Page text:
Do it, for its a monotony breaker.

  4. Loretta Eidson May 14, 2018 at 6:14 am #

    Another great post. I believe established authors are given a pass if they cannot meet a deadline because they are just that…established authors. They’ve already proven they are trustworthy and can do the work. Aspiring authors must establish their rapport with publishers by following through and meeting deadlines as expected.

  5. claire o'sullivan May 14, 2018 at 9:53 am #

    Excellent post. I finished my manuscript ‘then’ the proposal. Turnaround time for the MS? A millennia. Turn around time for the proposal? Another era. I pantsed the MS. My next MS I planned, plotted, established every character, and every bump in the road. Well, two years later, it is still in the works. My thought is to polish as best as I can for a month + send it through my shredder (critique and beta). After which, I can send the proposal with an approximate six months to send said MS to the agent. Now ask about how long it took to write a synopsis (forever — that was still crappy after I read it a month later).

  6. Sheri Dean Parmelee, Ph.D May 14, 2018 at 9:57 am #

    Hi Steve:
    When I write a book, I know that I can complete about 1,000 words per day. Every day. That might not sound like much, but I teach at three colleges and have a lot of things on my plate.

    The books I have submitted to my agent have always been complete, though, because I am very new at this publishing business and know that publishers are loathe to take a chance at an unfinished manuscript by an unknown author.

    I had to disconnect from a very talented co-author because she couldn’t meet a deadline. As a teacher, I am very used to deadlines and believe that meeting them shows respect for those I work with.


  7. Robin Mason May 14, 2018 at 9:10 pm #

    When i was writing my first novel, i gave little thought to deadline or even how i would publish it when it was finished. I started it in 2008 – then started college as well! after graduation, i picked up the MS and had her finished within six months. i’m a pantser and i edit as i go – and knew nothing of critiques or beta readers. books 2 & 3 (which sequeled the first one) took roughly a year each.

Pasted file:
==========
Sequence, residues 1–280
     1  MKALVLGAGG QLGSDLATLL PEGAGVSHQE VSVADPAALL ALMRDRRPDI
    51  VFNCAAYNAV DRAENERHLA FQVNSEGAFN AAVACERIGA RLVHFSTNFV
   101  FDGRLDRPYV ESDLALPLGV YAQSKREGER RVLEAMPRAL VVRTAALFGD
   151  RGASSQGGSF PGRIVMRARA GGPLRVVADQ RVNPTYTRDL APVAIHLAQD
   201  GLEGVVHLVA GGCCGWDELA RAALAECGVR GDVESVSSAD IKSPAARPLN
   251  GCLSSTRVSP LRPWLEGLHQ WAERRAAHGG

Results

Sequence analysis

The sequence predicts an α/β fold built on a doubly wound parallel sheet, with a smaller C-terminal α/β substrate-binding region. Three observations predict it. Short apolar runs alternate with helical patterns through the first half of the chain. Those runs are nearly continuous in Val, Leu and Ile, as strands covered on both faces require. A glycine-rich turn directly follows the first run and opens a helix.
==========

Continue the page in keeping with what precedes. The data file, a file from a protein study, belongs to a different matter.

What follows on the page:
i then embarked on a series, Seasons, and wrote all four >withinestablished<
    and as to non-fiction authors who can't complete the MS, i'm not sure

  8. Allan Omamo May 16, 2018 at 12:48 am #

    In the past before I met Jesus I wrote banking on selfpulishing(because of unfunctioning systems in Africa no author can trust a publisher who keeps you waiting for years-people wait for up to five years for acceptance letter, quit a problem for a writer with more than one manuscript but just trying one to see if the system works) but God has a way of dealing with his people, because I now realize how easy it is to persue this American agency system, especially when I looked at the information provided by Lesley stobbe’s website. Wich I come across while perusing a list provided by a Christian publishing House.

    Yours is exceptional service, an angency a writer coming from the “World” , and into the ministry needs. For I clearly remember my writivism errors and the straggles of selfpulishing and financial implications of the time that lead me into a dich, it took months of spiritual warfare to get freedom.

    I am a now born again Christian writer from Africa (Nairobi Kenya) and am interested in this agency for submission of my monuscript/ proposal between now and December, for by the grace of God Almighty I’ll be joining a Theological Bible college next year.( I am not a hooper, I like persuing the first position my intuition directs, I’d rather spend the time reasurching for my manuscript.

    Yes, I have gone through your entire website and blog posts,vitualy turning everything upside down!. And am left with one question.
    How do you cater for the African market? For I also prefer had copy submission, but the postol system is completely compromised. And because of so much beurocracy DHL and other international courier company’s are just way to expensive.

    Otherwise you guys are just above the rest in the Christian publishing segment, may the Almighty God bless you abundantly.

    Allan Omamo

    • Allan Omamo May 18, 2018 at 3:36 am #

      Sorry Steve laube, I think I fremed my question wrongly, I humbly request a deletions of the same.

      Allan Omamo
      Be blessed.